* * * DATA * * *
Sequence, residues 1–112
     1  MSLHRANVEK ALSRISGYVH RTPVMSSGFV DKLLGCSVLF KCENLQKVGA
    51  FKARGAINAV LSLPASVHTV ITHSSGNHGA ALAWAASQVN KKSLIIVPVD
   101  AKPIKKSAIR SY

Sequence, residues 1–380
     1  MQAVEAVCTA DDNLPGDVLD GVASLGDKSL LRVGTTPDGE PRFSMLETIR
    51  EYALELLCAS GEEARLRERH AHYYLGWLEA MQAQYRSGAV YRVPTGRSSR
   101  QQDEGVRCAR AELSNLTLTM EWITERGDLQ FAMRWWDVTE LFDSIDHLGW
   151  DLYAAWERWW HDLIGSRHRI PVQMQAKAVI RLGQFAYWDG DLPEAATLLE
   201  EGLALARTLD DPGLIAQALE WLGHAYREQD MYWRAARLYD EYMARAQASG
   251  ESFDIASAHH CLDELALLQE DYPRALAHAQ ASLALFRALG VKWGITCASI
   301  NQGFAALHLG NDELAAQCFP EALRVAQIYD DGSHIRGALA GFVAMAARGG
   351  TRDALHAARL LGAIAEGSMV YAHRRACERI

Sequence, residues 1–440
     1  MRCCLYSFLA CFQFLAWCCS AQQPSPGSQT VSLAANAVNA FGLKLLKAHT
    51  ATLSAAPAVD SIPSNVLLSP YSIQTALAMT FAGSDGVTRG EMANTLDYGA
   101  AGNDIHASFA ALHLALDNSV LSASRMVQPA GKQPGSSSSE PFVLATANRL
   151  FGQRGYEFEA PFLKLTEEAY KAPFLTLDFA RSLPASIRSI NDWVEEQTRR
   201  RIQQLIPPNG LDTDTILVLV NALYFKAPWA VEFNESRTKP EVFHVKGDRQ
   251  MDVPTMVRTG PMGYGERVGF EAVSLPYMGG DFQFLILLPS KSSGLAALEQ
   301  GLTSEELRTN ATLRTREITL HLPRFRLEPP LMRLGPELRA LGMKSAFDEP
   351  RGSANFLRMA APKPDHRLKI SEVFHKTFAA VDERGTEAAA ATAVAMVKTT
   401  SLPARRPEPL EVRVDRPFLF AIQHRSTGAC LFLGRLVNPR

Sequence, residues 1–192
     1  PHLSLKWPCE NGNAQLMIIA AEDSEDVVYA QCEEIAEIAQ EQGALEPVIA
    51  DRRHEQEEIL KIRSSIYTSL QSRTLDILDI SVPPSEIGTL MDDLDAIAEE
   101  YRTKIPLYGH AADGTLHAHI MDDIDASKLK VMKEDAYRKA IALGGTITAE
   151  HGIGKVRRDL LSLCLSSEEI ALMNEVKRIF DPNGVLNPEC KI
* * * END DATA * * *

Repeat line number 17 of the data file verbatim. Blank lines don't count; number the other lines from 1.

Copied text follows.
   101  AGNDIHASFA ALHLALDNSV LSASRMVQPA GKQPGSSSSE PFVLATANRL